Dear Brothers and Sisters in Christ Jesus, During this month of December, the month dedicated to the and the Infancy of Jesus, let us pray for the grace our hearts need to be prepare for the gifts of grace our Lord wills to give each of us! This Sunday we celebrate the 2nd Sunday of Advent. I share with you a reflection on St. John the Baptist. I encourage you to reflect over this message a few times this week: ―2nd Sunday of Advent: The Precursor. Prepare the way of the Lord. The vocation of John the Baptist. An Advent figure. Behold, people of Sion, the Lord will come to save the nations. The Lord in His glory will make His voice heard and fill your hearts with joy. (Entrance Antiphon of the Holy Mass, cf. Is. 30:19, 30) Behold, the Lord will come… The Savior is about to arrive and nobody notices anything. The world goes on as usual, completely oblivious. Only Mary knows - and Joseph who has been told by the angel. The world is in darkness. Christ is still in Mary‘s womb. And there are the Jews, still arguing about the Messiah, without any idea that He is so near... Few people are expecting the Consolation of Israel: Simeon, Anna… We are in Advent, a time of waiting. During this liturgical period the Church proposes the figure of John the Baptist for our meditation. For this is he who was spoken of by the prophet Isaiah when he spoke of: The voice of one crying in the wilderness: Prepare the way of the Lord, make His paths straight. (Matt. 3:3) The Messiah‘s coming was preceded by prophets who announced His arrival from afar, like heralds who announce the arrival of a great king. John appears as the dividing line between the two Testaments, the Old and the New. Our Lord Himself teaches something about John when He talks about ‘the law and the prophets down to John the Baptist’. He is the personification of antiquity and the announcement of new times. As representing antiquity, he is born to elderly parents. As one who is a harbinger of new times, he shows that he has been a prophet from his mother’s womb. He has not yet been born when, at our Lady’s arrival, he leaps for joy inside his mother. (cf. Luke 1:76-77) John is called ‘the prophet of the Most high’, because his mission is ‘to go before the Lord to prepare His ways, teaching the knowledge of salvation to His people’. (St. Augustine, Sermon 293, 2) The whole of John‘s life is determined by this mission, even from his mother‘s womb. This is to be his vocation. His whole purpose will be to prepare, for Jesus, a people capable of receiving the Kingdom of God. At the same time he is to give public testimony of Him. John will not seek personal fulfillment through his work but has come to prepare a perfect people for the Lord. He will not do it because it appeals to him, but because it was for this very purpose he was conceived. This is what all apostolate is about: forgetting oneself and fostering a true concern for others. John was to carry out his task to the full, even to the extent of giving up his life in the fulfillment of his vocation. Many came to know Jesus through John the Baptist‘s apostolic work. It was through an express indication of his that the first disciples followed Jesus. And many others were inwardly prepared thanks to his preaching. One‘s vocation embraces one‘s whole life, and our whole being works towards fulfillment of the Divine Mission. God makes the conversion of many children of Israel depend on John‘s future response. In his own place and circumstances, each man has a God-given vocation. The Divine Will desires many other things that depend on the fulfillment of that vocation. Many great things depend - don’t forget it - on whether you and I live our lives as God wants. (J. Escriva, The Way, 755) Do we bring the people around us closer to God? Do we give good example in the way we carry out our work, in our family circle, in our social relations? Do we speak about God to our colleagues or fellow-students? John’s humility. This virtue necessary for apostolate. Whilst being fully conscious of the mission which has been entrusted to him, John know that before Christ he is not even worthy to carry His sandals (cf. Matt. 3:11), which was what the least of the servants used to do for their master; anybody could do that task. The Baptist does not hesitate to proclaim that he is of no importance compared with Jesus. He does not even identify himself according to his priestly parentage. He does not say, ‗I am John, son of Zachary of the priestly tribe of…‘ On the contrary, when they ask him, Who are you?, John says, I am the voice of one crying in the wilderness; prepare the way of the Lord, make His paths straight. He is no more than that - the voice. He is only the voice that announces Jesus. That is his mission, his life, his personality. His whole being is defined by Jesus, as should be the case in our own lives, in the life of any Christian. What is important in our lives is Jesus. As Christ gradually manifests Himself, John seeks to take second place, to disappear. His best disciples will be those who take up his indication to follow the Master at the beginning of His public life. This is the Lamb of God he says to John and Andrew, pointing to Jesus Who is passing by. With great refinement he detached himself from his followers, so that they should go after Christ. John persevered in sanctity, because he remained humble of heart. (St. Gregory the Great, Treatise on St. Luke’s Gospel, 20, 5) That is why he also merited that wonderful praise of Our Lord‘s, Truly I say to you, among those born of women there has risen no one greater than John the Baptist.(Matt. 11:11) Today, the Precursor still points to the path we have to follow. In our personal apostolate - when we prepare others to meet Christ – we must try not to make ourselves the center of attraction. What is important is that Christ should be announced, known and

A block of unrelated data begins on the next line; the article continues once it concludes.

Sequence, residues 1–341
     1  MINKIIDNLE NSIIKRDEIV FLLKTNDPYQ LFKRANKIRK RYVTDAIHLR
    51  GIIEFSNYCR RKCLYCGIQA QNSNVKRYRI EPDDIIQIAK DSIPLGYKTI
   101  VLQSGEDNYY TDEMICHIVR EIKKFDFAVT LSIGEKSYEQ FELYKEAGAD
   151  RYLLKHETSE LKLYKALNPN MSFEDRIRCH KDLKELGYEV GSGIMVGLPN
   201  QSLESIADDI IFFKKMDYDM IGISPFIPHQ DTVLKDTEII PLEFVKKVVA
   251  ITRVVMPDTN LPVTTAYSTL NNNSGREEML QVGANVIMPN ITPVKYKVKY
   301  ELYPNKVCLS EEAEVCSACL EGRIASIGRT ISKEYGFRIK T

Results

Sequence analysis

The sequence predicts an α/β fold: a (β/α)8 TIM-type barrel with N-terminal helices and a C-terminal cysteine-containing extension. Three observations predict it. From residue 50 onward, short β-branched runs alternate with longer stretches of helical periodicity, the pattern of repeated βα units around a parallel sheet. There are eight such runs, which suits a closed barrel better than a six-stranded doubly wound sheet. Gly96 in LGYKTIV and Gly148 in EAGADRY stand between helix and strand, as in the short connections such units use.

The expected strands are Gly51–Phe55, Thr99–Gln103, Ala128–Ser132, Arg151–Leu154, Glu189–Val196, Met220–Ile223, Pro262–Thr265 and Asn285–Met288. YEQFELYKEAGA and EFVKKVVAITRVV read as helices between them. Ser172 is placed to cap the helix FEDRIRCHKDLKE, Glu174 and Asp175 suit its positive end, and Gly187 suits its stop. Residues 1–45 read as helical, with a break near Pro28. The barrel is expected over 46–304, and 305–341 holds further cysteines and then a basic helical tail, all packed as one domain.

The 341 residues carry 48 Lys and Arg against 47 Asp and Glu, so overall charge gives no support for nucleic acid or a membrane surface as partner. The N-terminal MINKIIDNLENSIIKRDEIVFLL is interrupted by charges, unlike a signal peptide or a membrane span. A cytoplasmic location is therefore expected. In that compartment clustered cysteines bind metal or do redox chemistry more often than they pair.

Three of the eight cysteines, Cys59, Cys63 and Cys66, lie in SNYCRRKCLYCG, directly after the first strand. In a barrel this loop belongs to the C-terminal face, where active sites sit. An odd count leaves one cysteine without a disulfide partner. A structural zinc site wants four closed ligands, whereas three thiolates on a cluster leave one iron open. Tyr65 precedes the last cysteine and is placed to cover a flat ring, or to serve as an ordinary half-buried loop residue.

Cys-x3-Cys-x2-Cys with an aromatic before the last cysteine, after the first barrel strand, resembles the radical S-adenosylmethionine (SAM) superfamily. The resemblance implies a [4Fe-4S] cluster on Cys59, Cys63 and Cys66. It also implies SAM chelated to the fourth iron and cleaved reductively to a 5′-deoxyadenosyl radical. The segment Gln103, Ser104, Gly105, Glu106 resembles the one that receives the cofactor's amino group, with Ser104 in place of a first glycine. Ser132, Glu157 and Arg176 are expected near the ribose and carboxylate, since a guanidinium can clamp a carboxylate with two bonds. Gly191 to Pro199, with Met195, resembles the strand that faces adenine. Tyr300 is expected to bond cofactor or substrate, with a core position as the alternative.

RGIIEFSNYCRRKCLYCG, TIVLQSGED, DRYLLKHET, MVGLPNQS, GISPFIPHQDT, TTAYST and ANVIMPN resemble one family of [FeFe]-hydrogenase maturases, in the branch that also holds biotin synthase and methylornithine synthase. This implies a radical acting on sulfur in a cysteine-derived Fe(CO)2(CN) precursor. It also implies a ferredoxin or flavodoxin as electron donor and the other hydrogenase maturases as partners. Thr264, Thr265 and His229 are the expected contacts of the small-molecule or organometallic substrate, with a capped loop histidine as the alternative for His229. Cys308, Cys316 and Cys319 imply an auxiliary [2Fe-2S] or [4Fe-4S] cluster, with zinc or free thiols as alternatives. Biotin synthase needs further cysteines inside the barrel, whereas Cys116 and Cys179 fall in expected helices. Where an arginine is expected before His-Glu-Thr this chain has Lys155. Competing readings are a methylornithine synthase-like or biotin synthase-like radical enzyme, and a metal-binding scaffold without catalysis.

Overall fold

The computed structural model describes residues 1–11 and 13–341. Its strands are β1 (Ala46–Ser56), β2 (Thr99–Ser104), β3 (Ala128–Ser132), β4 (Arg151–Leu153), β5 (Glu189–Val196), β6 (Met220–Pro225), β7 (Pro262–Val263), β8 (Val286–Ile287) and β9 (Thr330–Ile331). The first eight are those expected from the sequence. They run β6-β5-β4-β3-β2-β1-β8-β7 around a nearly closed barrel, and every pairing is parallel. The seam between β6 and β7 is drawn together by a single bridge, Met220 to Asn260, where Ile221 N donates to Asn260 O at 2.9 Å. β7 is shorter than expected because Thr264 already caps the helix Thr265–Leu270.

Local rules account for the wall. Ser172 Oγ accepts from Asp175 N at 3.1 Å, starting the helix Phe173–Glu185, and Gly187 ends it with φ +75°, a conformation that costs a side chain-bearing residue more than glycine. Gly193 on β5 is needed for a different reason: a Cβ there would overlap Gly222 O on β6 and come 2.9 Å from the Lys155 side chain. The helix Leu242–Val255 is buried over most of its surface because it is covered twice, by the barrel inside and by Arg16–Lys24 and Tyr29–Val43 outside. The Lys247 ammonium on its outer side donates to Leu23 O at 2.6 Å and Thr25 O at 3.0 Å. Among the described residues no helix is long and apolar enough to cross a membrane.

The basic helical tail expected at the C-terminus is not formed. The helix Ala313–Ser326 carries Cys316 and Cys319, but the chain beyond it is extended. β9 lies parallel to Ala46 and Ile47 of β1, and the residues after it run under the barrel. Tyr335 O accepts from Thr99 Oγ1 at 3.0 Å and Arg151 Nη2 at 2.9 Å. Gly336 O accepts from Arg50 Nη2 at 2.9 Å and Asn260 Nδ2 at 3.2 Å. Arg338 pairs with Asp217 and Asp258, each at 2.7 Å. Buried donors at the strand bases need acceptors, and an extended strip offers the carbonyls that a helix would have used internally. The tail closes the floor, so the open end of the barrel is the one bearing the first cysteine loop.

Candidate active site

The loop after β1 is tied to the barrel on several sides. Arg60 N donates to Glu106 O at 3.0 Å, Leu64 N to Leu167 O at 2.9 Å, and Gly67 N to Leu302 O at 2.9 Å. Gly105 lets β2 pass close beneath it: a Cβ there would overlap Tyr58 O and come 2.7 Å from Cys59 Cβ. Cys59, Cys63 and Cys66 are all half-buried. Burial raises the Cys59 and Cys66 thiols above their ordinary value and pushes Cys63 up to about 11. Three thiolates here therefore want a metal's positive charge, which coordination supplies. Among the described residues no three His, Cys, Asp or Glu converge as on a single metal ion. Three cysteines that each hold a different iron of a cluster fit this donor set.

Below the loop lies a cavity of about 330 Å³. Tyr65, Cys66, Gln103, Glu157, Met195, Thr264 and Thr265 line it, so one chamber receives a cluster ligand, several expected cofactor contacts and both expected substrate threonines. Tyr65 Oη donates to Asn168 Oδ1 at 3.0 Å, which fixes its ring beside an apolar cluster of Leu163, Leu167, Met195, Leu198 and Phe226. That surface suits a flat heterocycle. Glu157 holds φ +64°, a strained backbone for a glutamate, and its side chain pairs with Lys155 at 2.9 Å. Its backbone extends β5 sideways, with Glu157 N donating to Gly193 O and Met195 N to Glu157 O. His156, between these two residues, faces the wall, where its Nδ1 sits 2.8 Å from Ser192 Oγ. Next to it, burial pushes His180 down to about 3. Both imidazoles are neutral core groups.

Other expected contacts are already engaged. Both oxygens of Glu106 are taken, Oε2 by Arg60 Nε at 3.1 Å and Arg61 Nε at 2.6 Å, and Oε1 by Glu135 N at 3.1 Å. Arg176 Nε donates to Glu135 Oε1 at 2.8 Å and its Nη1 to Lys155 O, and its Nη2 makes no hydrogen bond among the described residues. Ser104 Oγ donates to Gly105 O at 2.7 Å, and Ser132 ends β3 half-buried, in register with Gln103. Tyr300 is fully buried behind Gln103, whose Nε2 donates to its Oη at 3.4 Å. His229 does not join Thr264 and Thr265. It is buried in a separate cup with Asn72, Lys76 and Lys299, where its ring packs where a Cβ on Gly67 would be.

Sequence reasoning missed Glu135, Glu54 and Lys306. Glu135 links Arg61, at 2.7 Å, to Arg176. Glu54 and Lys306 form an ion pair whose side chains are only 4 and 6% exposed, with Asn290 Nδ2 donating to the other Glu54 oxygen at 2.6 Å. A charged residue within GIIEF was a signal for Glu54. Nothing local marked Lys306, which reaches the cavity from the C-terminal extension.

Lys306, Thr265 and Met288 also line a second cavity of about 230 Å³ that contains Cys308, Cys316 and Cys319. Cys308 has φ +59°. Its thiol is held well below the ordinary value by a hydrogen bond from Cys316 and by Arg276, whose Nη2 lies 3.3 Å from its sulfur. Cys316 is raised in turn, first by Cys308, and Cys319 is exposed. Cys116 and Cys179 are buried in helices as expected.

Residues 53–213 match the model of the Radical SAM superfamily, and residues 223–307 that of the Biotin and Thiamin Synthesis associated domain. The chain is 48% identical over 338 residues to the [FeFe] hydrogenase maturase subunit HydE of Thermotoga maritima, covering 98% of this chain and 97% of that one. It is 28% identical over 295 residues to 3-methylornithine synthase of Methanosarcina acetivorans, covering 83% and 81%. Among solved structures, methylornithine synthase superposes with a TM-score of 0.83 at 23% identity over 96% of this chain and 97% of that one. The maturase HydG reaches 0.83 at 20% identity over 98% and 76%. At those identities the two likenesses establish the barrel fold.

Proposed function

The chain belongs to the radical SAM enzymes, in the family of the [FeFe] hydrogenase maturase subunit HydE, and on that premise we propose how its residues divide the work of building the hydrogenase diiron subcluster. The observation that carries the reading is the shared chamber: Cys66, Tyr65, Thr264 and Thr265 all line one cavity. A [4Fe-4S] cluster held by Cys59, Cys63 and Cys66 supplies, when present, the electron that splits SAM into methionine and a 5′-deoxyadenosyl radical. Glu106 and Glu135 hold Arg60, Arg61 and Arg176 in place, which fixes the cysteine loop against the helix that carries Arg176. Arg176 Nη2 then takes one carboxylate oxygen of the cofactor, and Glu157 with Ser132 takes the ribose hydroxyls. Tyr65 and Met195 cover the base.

loved. Only He has the words of eternal life. Only in Him do we find salvation. John‘s attitude is an energetic warning against disordered self-love, which is always urging us to put ourselves unduly in the foreground. A desire to draw attention to oneself would leave no room for Jesus.
God also asks us to live without ostentation, without wanting to be heroes. He wants us to lead simple, ordinary lives, trying to do good to everyone and carrying out our duties honestly. Without humility we could not bring our friends closer to God. Our life would then become empty. Our role as witnesses and precursors. Apostolate with the people around us. We are not only precursors, however; we are also witnesses to Christ. Together with the grace of Baptism and Confirmation, we have received the honorable duty of making our Faith in Christ known through our words and our deeds. In order to enable us to carry out this mission, we receive frequently, even daily, the Divine Food of the Body of Christ. His priests lavish sacramental grace on us and instruct us with the teaching of the Divine Word. All that has been given to us is so much greater than John himself had, that Jesus could say: The least in the Kingdom of God is greater than John. However, what a difference! Jesus is just about to arrive, and John‘s whole reason for living is to be the Precursor. We are witnesses of what He came to do; but what sort of witnesses are we? What is our Christian testimony like amongst our colleagues and our families? Is it forceful enough to convince those who do not yet believe in Jesus? Those who do not love Him? Those who have mistaken ideas about Him? Is our life a proof, or does it at least point to the likelihood of the Truth of Christianity? These questions could help us to live this Advent, so that it is not devoid of apostolic meaning. Behold the Lord will come… John knows that God is preparing something very great, something for which he is to be the instrument; and he himself points in the direction that the Holy Spirit shows him. We know much more now about what it was that God had in mind for humanity. We know Christ and His Church, we have the Sacraments. The doctrine of salvation has been perfectly marked out for us… We know that the world needs Christ to reign, we know that the happiness and salvation of all mankind depend on Him. We have Christ Himself; the same Christ whom John the Baptist knew and announced. We are witnesses and precursors. We have to bear witness and at the same time we have to show others the way. Our responsibility is great, because to be Christ’s witnesses implies first and foremost that we should try to live our lives according to His doctrine, that we should struggle to make our actions remind others of Jesus and His most lovable personality. We have to act in such a way that others will be able to say, when they meet us: This man is a Christian, because he does not hate, because he is willing to understand, because he is not a fanatic, because he is willing to make sacrifices, because he shows that he is a man of peace, because he knows how to love. (J. Escriva, Christ Is Passing By, 122) Perhaps, in many cases, today‘s world does not await anything at all. Or it waits facing in a direction from which nobody will come. Many people have thrown themselves heart and soul into possessing material things as if these were their last end. But their hearts will never be satisfied with these things. We have to show the way to such people and to everyone. You know, says St. Augustine, what each one of you must do in his own home, with his friend, his neighbor, his servant, his superior, his subordinate. You also know the way in which God provides the opportunity, and the way He opens the door with His Word. Do not be content, then, to live at peace with yourselves until you have won them all for Christ, for you have been won for Christ. (St. Augustine, Treatise on St. John’s Gospel, 10, 9) Our family, friends, workmates, those people we come in contact with frequently, should be the first to benefit from our love for God. With our example and our prayer we should reach even people we do not have the chance to talk to. Our great joy will be that of having brought to Jesus, as John the Baptist did, many who were far away or indifferent. We should never forget that it is God‘s grace, and not our human strength, that can move souls towards Jesus. As nobody can give what he does not have, the effort to grow in our interior life becomes more urgent, so that all those we meet and pass on the road can be infected by our superabundant love for God. The Queen of Apostles will increase our longing and our effort to bring souls to her Son in the certainty that no effort is in vain in the sight of God.‖ (From In Conversation with God, by Francis Fernandez) Through the intercession of Mary, the Immaculate Conception, St. Joseph, St. Columbkill, and all the Holy Angels, may God grant us the grace to prepare our hearts for the coming of our Lord at Christmas! In Christ through Mary, Fr. Kasel